Touted as a ‘zero break-in’ glove, Nike is setting the bar high for themselves with a product that has a culture of ‘break-in enthusiasts’ known for hacking the break-in process in order to create a deeper bucket for those pop flies.

As baseball becomes increasingly quicker and more athletic (like all other sports), innovation is a fuzzy area in a sport with such a deep heritage and tradition. Designed with insight from outfielder Carlos Gonzalez, the Nike Vapor 360 incorporates technology that is normally seen in Nike shoes including Hyperfuse construction and Flywire support.

Could this really be the first lightweight, ultra-responsive glove that is game-ready right out of the box?

Let’s start by taking a look at how traditional leather baseball gloves are made:

…and the ‘expert’ way of breaking-in a glove for a professional baseball player:

While Nike is claiming that traditional leather baseball gloves can take up to three months of breaking in (or just hire the guy in the above video), it’s hard to argue that their dedication for replacing the methods are worth taking a look at…particularly because certain design directions including perforating the material just makes obvious sense for loosening up the structure:

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”We’ve taken a traditional leather for the palm and perforated it to remove some of the structure so it forms more quickly…therefore, the glove is ready to use straight out of the box.”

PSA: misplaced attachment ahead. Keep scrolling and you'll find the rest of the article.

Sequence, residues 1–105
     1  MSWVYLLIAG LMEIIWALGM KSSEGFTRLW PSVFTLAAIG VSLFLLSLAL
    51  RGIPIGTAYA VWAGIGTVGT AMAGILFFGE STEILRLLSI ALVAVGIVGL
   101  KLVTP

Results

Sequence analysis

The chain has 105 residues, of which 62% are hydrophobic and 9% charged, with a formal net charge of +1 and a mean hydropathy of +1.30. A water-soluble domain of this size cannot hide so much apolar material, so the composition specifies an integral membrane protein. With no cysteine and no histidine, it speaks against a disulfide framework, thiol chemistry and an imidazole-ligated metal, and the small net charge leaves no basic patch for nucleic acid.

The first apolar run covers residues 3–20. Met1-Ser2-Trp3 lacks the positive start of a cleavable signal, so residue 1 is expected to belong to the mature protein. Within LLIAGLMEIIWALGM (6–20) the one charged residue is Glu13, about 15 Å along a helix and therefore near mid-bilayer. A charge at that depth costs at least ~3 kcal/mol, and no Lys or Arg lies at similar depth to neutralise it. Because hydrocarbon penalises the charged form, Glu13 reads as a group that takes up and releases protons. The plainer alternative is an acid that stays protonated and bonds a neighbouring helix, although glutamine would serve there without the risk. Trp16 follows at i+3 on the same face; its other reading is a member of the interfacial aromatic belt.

-Matthew Hudson, Nike Baseball Senior Designer

When considering how the Hyperfuse and Flywire technologies have helped make various performance athletic shoes perform better at certain tasks and movements, integrating these systems into a baseball glove makes perfect sense even if there was a break-in period.

Another factor to consider is the universal fit as no two hands are the same. This was considered into the design with tunable inserts in the thumb and pinky finger sections of the glove for a player-specific, individualized fit:

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The glove is completed with a Nike TrueAdapt heel construction that eliminates the amount of material needed to create a more responsive feel for the player…however that leaves one to wonder if there is enough padding to cushion a 100 mph hit into right field?

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Any baseball players want to chime in?

Author

Simon is a Brooklyn-based industrial designer and Managing Editor of EVD Media. When he finds the time to design, his focus is on helping startups develop branding and design solutions to realize their product design vision. In addition to his work at Nike and various other clients, he is the main reason anything gets done at EvD Media. He once wrestled an Alaskan alligator buzzard to the ground with his bare hands… to rescue Josh.